Frederic Rich: The Christian Right is Not Just Cranks and Knuckleheads

After the 2008 election, I think a person could be forgiven for thinking the tide had finally turned on the Religious Right, as a young, progressive, black politician was elected president. All the fear-mongering and rumors churning about whether Barack Obama was a secret Muslim, or perhaps Satan himself, didn’t seem to stop the dam from bursting on the Bush years.

The political elastic, of course, snapped back pretty hard in 2010 (though I would never take a midterm election to be representative of the entire potential electorate, since turnout in those is usually limited to activated partisans), and particularly in state legislatures, we saw Christianists swarm into power.

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Prepare for YouVersion, the Instagram of Bibles!

There is a technological revolution underway, and it’s happening under the radar of we hip skeptical types: iBibles.

Now, I’m not talking about some clunky Kindle-clone that contains only The Word, I’m talking about an extremely popular, cross-platform, nondenominational mobile app, labeled in your app store simply as “The Bible,” but officially known as YouVersion.

What’s so special about this? After all, there are hundreds, probably thousands of apps that reproduce the Bible in digital form. YouVersion is notable because it’s an app that contains a huge variety of versions of the Bible, and hundreds of translations in myriad languages. In addition, it offers up the Good Book with an interface that is remarkably, well, Apple-like. Versions and languages are easily accessible, typeface and style are easily customizable, there are audio and video options, note-taking functionality, and the app is generally sharp and pleasing to use.

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Why Atheists ‘Obsess’ Over Religious Beliefs

We’ve probably all been confronted with some variation on this question from frustrated theists or apathetic “nones” who find our whole movement a little baffling: Why do you atheists spend so much time worrying about a God you don’t even believe exists? If you think he’s not real, why not just let it go at that?

Austin Cline, About.com’s Atheism and Agnosticism guide, recently highlighted just such a query from a reader, one who reaches a conclusion that requires something of a Super Mario-worthy leap:

Doesn’t [atheists'] obsession with non-belief indicate that they secretly do believe? Otherwise, wouldn’t their actions be inconceivable?

I can’t for the life of me put that one together. Even if you grant the premise that atheists are irrationally obsessed with their lack of belief, there’s no connection I can imagine that thereby leads to “therefore they actually are theists, Q.E.D.” Maybe that whole “denial ain’t just a river in Egypt” thing? I dunno, I’m reaching.

But that’s not really what I wanted to highlight about this post. I particularly liked Cline’s conclusion at the end of his post:

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On Being an Apple ‘Catholic’

It is no new thing to compare Apple, Inc. to a religion. The fanatical devotion it has inspired over the decades has made many outsiders eye it suspiciously, as it hawks a kind of techno-faith in which the textbook charismatic leader, Steve Jobs, emits a Reality Distortion Field that turns the skeptical into zealots, hungry for the latest sleek combinations of glass and aluminum like the damned crave absolution. The term “Cult of Mac,” begun by Leander Kahney in his book and website of that title, both pokes fun at and celebrates this comparison.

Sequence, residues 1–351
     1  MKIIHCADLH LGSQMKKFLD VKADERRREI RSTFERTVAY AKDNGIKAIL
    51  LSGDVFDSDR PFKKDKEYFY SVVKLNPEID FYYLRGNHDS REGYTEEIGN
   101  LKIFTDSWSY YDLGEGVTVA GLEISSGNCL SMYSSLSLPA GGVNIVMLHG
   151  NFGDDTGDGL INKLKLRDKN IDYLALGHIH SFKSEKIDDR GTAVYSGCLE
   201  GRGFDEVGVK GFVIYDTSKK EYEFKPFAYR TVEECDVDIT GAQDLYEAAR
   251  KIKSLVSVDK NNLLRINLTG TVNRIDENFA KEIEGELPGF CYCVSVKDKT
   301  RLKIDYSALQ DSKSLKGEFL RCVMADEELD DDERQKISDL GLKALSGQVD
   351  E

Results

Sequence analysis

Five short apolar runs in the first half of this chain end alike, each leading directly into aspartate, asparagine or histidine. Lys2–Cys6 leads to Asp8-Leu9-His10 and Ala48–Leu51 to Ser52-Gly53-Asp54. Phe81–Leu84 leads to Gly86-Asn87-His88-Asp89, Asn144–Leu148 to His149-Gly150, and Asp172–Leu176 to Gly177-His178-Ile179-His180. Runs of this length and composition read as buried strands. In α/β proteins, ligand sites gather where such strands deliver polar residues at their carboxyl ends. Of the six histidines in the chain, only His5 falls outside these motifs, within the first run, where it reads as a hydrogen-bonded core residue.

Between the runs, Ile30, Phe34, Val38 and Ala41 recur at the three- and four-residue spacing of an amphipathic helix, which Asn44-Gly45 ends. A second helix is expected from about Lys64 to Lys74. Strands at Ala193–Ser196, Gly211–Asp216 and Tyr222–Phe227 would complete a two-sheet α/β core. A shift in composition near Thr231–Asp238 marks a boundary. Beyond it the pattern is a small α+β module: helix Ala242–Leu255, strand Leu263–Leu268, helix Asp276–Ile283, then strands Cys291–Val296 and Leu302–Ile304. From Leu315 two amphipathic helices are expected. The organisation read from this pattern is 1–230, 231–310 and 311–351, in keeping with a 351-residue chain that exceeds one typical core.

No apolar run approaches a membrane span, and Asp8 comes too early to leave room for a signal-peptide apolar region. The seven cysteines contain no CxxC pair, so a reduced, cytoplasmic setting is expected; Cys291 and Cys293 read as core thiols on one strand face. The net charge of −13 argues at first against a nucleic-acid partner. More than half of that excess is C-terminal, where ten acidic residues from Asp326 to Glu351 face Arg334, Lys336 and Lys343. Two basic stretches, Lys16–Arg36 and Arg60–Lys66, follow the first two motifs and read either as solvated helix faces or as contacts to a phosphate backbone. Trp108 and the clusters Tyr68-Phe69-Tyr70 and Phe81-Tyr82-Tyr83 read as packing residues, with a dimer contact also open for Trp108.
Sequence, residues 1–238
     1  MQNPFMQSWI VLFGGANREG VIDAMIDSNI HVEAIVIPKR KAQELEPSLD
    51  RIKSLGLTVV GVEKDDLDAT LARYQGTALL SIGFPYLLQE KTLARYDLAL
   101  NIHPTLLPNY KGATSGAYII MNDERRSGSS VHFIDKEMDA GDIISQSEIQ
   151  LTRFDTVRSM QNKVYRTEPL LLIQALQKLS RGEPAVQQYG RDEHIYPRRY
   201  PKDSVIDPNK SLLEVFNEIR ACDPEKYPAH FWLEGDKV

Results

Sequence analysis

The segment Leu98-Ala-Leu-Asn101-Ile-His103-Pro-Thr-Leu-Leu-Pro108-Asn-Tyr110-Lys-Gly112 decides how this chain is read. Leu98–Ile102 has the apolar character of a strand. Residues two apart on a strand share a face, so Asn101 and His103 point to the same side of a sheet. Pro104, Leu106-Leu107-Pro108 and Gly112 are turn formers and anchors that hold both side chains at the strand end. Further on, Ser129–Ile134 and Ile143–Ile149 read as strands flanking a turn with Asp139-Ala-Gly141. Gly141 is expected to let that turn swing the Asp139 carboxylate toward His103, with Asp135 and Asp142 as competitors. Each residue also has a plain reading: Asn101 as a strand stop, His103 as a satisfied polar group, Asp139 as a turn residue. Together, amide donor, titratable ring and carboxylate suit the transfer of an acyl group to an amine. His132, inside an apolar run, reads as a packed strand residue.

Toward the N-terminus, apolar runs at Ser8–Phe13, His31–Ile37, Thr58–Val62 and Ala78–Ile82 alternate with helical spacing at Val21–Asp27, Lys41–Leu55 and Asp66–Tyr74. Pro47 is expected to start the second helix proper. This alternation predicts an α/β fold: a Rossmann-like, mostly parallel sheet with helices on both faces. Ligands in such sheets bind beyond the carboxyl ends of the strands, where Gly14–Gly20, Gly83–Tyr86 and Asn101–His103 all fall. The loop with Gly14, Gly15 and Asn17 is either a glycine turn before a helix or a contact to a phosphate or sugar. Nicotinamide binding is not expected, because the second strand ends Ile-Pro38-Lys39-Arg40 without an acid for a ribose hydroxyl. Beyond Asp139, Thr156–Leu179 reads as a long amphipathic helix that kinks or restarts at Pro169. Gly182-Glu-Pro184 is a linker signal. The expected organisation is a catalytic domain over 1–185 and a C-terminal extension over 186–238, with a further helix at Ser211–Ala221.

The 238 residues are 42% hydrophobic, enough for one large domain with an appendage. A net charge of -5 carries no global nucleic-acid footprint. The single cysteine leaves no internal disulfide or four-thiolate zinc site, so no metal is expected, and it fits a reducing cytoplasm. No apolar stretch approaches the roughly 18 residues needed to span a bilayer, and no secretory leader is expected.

Those who live inside the Reality Distortion Field, in my experience, rarely resent this. Just as true religious zealots do not mind being known for their blind faith, but wear it as a badge of honor. This is a bit of an exaggeration, of course, as even the most doughy-eyed Apple user will still vent criticisms and complaints, but very often this is done in the spirit of keeping true to a central credo; as in, if device X does or does not have Y feature, is that really keeping with The Apple Way? Is it What Steve Would Have Done? Et cetera.

I, too, have embraced this. Being an atheist, in particular, it’s actually kind of fun to have a pretend religion to subscribe to. I follow the teachings of The Steve, Apple keynotes are like a twice-yearly mass, and I look for signs from the prophets Tim Cook and Jony Ive, just as much as I shook my head in despair at the heretics Scott Forestall and John Browett as they fell from grace.

At New York Review of Books, Edward Mendelson explores the idea of Apple-as-religion anew:

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Ex-Muslims Rally for Persecuted Moroccan Atheist Imad Iddine Habib

In an earlier post, I told you about Imad Iddine Habib, a Moroccan atheist now in hiding as authorities seek him out for the crime of “shaking religious faith.” His case is gaining more attention, as the threat to his life grows. Among the strikes against him, Imad is the founder (at 22 years old) of the Council of Ex-Muslims of Morocco, and to rally support to Imad’s cause, the Council of Ex-Muslims of Britain has declared May 15 “International Imad Day.” From their website:

We, the undersigned, are extremely concerned about Imad’s safety and life and call on the Moroccan government to guarantee his security and respect freedom of expression and thought. Rather than prosecute freethinkers, the government should prosecute those who issue fatwas and death threats.

On 15 May we call for an International Imad Day in order to stand with and defend Imad.

He is all of us.

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